of the Earth and to study, using muons, the density distribution in the zone near the mine.

  • 5 vagas

CMS – New Physics Research at Large Hadron Collider

Meeting with LIP researchers in the CMS / CERN experience: an opportunity to learn about new physics research at the LHC. The LHC is the most powerful particle accelerator in the world, is located at CERN, and allows to explore the constituents of matter at the most fundamental level. LIP is a founding member of the CMS experience and was responsible for the design and construction of important detector components. Several areas of the LHC’s physics program were led by LIP members who contributed among others to the discovery of the Higgs boson in 2012. The group is actively involved in analyzing the latest data in the following areas of physics: Higgs boson, quark top, quark b, supersymmetry, electroweak interaction, strong interaction and quark and gluon plasma.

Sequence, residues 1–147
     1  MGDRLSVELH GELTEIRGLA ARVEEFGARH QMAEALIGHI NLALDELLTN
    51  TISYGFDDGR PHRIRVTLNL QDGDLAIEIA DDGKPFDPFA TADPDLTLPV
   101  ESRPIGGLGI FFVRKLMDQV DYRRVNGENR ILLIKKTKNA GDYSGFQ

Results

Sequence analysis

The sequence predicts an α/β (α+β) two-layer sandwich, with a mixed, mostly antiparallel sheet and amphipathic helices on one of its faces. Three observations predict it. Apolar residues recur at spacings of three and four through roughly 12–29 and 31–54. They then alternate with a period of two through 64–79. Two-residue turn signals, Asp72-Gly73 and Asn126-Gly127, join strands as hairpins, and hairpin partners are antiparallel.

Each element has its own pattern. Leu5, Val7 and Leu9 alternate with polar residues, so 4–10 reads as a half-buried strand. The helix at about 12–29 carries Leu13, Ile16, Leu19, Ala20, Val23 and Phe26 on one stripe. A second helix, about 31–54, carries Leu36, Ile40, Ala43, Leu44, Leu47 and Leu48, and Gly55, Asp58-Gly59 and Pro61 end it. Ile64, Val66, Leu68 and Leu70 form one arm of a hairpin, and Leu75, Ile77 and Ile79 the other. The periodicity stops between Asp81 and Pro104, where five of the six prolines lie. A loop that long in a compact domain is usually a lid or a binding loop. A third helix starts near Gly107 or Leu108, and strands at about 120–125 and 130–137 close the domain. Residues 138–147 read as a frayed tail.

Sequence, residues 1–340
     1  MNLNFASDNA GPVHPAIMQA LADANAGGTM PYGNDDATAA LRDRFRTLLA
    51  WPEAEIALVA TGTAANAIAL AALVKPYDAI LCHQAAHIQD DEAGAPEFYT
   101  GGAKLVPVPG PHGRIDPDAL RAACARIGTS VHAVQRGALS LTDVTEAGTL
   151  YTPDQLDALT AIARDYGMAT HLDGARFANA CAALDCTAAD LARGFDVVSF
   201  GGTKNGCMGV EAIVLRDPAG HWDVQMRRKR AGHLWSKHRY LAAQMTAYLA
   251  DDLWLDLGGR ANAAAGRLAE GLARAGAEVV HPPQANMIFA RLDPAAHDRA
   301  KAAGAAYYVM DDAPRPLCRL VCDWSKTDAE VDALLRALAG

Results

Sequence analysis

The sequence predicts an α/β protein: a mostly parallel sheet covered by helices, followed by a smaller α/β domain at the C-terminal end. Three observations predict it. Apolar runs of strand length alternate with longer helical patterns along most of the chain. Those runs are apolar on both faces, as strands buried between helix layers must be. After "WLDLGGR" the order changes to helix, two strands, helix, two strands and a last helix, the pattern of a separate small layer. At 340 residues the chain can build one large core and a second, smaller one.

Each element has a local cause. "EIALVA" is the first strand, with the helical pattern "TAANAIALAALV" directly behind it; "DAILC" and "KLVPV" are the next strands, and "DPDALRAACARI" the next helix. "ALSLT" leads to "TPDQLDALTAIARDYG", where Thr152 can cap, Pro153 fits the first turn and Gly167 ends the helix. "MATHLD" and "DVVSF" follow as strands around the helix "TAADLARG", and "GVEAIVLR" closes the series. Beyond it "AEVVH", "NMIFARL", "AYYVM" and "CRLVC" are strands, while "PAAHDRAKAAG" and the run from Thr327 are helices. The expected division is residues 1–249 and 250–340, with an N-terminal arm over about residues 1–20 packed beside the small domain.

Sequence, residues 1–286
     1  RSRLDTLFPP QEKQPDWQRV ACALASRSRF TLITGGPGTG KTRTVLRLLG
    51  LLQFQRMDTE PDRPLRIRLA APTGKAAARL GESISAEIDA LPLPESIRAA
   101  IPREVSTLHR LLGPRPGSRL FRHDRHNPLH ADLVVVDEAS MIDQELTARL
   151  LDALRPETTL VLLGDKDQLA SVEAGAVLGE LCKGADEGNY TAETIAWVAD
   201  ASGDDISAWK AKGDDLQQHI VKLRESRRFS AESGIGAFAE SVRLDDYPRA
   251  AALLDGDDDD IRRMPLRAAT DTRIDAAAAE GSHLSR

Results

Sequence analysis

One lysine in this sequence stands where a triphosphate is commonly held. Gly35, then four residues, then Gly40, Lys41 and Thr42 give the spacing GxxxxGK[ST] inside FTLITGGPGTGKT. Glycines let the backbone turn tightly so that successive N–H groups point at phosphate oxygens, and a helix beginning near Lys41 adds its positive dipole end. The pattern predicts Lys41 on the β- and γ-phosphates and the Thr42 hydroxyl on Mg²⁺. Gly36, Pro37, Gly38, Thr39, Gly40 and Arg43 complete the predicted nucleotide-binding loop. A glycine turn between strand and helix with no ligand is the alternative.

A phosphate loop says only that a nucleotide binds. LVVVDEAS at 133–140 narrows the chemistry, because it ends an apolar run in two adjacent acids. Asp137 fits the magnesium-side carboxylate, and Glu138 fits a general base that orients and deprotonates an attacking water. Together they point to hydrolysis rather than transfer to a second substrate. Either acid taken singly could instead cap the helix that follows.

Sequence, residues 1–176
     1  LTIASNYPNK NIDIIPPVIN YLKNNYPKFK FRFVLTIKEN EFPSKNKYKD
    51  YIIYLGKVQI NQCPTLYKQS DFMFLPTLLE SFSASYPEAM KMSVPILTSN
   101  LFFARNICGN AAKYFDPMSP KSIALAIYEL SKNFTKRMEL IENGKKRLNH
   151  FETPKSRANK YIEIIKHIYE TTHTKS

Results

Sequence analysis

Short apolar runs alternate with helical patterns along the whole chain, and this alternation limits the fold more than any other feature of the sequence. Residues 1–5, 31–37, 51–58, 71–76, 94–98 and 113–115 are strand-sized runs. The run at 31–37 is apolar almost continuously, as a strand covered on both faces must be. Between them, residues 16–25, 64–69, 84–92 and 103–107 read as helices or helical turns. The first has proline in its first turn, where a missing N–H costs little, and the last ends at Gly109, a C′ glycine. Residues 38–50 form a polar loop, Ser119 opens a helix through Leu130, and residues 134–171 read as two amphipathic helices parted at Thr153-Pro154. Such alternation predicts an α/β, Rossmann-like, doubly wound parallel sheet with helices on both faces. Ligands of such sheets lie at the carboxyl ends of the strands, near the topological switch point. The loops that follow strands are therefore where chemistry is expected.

Coordinator: Prof. João Varela

Place: LIP

Higgs & SUSY

After the discovery of the Higgs boson in the LHC, it has become important to determine whether this new particle is part of a more comprehensive theory that remains unknown at this time. Physicists in the LIP CMS group are investigating this possibility through new modes of production and decay of the Higgs button and by measuring its properties. Like other great discoveries, the discovery of the Higgs boson answers questions
fundamental, in this case that of the origin of the mass of the elementary particles, bringing at the same time new questions that we see as problems or challenges.
Searches for supersymmetry (Susy) are another major research axis of the LHC, pursued in our group. Susy, apart from solving problems with the Higgs mechanism, can explain the cold dark matter observed in the Universe, as well as unify the microscopic interactions with gravity. All of these researches are carried out with cutting-edge tools, such as machine-learning (ML) methods. Students have the possibility to contribute to these searches, in particular by improving ML tools.

  • 5 vagas

Heavy Flavour and QGP